* * *
I am pleased to see that mobile and digital connectivity have found a bit of space in the election. This first article tells us:
Boris Johnson is under fire for hailing a “new” £1bn plan to end poor mobile phone signals after it emerged the deal was struck in the last parliament.
Countryside areas would no longer be dogged by so-called ‘not spots’ through a plan for companies to use each other's masts to create a “shared rural network” by 2025, the prime minister said.
But, in a difficult BBC interview, it was pointed out that the agreement with the mobile phone firms had been reached last month.
On the phones deal, Mishal Husain, the Radio 4 interviewer, told Robert Jenrick, the communities secretary: “All of this was announced back in October.”
And here is our second article on the same theme, reinforcing the fact that there is a big job to be done here whichever party ends up running the country.
Even though the Conservative Party and Labour Party have published manifesto pledges to expand broadband coverage to rural areas, and the Liberal Democrats have pledged to invest in mobile data infrastructure and expand it to cover all homes, rural diversification consultancy Rural Solutions, an advisory business for UK landowners and land-based businesses, said any future UK government will not be able to fix what it calls “appalling” levels of mobile connectivity in rural areas without a more radical policy for siting communications masts.
The criticism comes even after the government in October set out its plans to make radical improvements to mobile phone coverage across the country. Working in conjunction with the four leading UK operators, the £1.3bn scheme, the Shared Rural Network (SRN), proposes to wipe not-spots from the map, giving what the government claims will be “high-quality” 4G coverage to 95% of the country by 2025.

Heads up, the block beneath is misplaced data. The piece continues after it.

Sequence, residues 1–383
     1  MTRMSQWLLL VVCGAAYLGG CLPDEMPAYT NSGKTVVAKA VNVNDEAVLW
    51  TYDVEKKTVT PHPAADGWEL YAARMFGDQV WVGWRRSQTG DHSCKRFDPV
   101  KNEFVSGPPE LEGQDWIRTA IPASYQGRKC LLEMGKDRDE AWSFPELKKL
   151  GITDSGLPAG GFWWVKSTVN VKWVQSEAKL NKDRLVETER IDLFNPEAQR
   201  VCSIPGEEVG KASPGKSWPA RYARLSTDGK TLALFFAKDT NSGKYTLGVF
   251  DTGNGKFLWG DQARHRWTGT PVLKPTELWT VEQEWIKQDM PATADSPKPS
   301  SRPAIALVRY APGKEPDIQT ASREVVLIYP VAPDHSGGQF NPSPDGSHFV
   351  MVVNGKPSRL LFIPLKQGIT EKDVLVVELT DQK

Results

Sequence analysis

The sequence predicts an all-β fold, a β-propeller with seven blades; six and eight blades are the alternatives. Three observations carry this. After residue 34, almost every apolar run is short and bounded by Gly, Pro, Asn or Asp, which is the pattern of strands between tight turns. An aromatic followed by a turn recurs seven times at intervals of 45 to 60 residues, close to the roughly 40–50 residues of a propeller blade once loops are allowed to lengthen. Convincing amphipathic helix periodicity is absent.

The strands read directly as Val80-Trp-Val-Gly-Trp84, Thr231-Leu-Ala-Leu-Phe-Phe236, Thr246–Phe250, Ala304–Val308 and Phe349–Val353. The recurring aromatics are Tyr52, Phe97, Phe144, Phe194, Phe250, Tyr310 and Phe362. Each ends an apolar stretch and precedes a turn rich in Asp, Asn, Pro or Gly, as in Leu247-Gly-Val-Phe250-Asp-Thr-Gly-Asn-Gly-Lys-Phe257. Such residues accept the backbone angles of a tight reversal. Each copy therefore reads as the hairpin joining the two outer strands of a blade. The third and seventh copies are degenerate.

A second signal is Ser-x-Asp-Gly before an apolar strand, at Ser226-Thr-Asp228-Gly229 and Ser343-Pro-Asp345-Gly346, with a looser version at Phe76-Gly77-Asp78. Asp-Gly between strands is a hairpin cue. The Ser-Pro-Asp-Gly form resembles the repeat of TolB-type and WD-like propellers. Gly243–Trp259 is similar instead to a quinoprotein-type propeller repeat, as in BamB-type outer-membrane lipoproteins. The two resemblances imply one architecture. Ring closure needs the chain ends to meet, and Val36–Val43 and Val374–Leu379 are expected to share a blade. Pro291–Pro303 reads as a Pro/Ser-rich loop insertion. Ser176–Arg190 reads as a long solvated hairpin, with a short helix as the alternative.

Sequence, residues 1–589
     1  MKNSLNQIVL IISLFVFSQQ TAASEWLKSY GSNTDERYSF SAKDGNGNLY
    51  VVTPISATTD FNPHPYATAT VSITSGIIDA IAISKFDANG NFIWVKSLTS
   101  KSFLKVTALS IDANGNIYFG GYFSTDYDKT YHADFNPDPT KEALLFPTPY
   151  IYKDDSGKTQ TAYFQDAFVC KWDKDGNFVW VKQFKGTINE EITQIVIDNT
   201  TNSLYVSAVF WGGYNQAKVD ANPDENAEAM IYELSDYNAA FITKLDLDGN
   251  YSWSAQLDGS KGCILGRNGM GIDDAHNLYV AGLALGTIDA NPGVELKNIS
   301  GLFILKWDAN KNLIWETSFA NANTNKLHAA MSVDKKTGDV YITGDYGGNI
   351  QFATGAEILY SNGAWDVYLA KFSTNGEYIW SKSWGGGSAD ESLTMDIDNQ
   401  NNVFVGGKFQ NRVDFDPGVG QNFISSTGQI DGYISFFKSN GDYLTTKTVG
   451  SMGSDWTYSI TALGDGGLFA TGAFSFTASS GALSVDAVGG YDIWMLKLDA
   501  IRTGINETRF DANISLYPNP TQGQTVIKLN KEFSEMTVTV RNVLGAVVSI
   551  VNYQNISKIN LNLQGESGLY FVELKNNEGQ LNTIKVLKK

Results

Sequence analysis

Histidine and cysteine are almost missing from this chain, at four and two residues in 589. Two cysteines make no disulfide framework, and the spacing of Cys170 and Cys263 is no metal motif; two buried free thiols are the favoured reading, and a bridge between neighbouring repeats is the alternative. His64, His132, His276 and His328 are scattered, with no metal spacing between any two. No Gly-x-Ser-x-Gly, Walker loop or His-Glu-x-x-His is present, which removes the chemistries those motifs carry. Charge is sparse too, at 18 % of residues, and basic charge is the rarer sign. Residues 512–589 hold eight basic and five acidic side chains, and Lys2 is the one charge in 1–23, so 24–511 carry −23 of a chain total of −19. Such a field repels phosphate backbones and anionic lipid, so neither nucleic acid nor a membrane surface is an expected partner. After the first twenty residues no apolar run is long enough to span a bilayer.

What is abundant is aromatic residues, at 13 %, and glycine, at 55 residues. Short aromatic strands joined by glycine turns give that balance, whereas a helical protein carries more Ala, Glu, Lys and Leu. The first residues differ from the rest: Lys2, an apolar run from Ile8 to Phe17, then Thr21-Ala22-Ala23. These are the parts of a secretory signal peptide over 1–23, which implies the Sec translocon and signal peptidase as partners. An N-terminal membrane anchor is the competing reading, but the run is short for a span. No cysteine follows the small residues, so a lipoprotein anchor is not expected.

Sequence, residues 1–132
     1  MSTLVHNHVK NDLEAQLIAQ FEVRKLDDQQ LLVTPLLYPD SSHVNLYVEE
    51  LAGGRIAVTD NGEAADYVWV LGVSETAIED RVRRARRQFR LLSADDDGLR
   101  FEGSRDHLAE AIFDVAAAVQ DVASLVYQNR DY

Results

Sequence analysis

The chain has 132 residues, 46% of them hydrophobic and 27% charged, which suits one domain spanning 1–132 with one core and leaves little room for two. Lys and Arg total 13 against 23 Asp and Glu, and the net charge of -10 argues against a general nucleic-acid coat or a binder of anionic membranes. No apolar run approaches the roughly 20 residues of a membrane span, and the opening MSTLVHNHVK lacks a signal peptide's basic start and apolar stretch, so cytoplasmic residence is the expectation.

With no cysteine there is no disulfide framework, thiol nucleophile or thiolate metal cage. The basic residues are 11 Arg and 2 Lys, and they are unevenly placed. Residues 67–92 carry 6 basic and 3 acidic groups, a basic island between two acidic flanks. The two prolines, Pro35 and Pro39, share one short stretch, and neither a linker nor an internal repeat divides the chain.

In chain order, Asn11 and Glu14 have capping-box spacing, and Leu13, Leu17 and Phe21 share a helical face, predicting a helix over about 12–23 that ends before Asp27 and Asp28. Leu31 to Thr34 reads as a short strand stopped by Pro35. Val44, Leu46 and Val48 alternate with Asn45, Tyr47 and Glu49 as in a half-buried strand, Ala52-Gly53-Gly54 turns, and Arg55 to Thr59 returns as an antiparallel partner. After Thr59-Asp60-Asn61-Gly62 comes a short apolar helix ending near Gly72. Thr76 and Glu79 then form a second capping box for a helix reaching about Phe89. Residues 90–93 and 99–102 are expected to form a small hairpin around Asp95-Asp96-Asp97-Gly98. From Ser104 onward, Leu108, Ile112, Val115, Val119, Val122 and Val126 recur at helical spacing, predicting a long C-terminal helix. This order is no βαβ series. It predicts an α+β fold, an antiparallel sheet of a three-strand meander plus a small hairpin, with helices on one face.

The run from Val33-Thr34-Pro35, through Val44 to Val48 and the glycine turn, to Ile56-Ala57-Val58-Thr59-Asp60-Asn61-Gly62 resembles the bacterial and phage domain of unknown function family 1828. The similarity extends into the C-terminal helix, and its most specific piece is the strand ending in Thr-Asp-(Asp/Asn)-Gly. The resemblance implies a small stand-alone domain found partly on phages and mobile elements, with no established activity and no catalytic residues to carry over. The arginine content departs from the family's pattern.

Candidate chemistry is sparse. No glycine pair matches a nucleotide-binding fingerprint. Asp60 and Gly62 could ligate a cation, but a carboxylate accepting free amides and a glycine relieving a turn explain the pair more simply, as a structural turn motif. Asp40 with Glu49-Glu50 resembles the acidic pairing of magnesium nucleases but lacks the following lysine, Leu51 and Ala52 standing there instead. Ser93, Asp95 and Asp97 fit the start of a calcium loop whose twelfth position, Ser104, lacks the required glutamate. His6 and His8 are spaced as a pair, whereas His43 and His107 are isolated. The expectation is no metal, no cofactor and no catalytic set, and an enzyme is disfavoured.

But speaking just before the launch of the Conservative manifesto, which also promises to provide greater mobile coverage across the UK, Joanne Halton, head of planning at Rural Solutions, said rural areas were still blighted by poor connectivity in many places, with designated zones for siting network masts being the missing solution.
She dismissed what the major parties were offering, emphasising that none of their plans and pledges would successfully address the problem of “appalling” mobile 4G and 5G coverage in rural areas.
At the heart of the issue was a lack of regard for planning applications, said Halton. “We won’t get the connectivity levels that political parties say they aspire to achieve without a further relaxation of planning regulations,” she said. “If any government is serious about rural connectivity, it needs to urgently modify its regulation of mast locations and heights in designated scenic and historic areas, which encompass much of rural Britain.
The problem with this pledge and all parties have the same structural challenge in relation to their health claims, is that the workers required just don’t currently exist. We have also made ourselves a far less welcoming environment for foreign workers (who we shouldn’t be seeking to poach in many cases anyway) – so this leaves us with a real challenge….Nonetheless this article tells us:
The Conservative manifesto pledges to add 50,000 nurses to the workforce in England by 2024-25.
How realistic is this target, particularly given that nurse numbers have gone up by only about 5,000 since 2010?
Workforce is one of the main concerns for the NHS in England right now. Health employers talk of difficulties filling rotas and worries about how future staff can be recruited at a time of rising patient demand.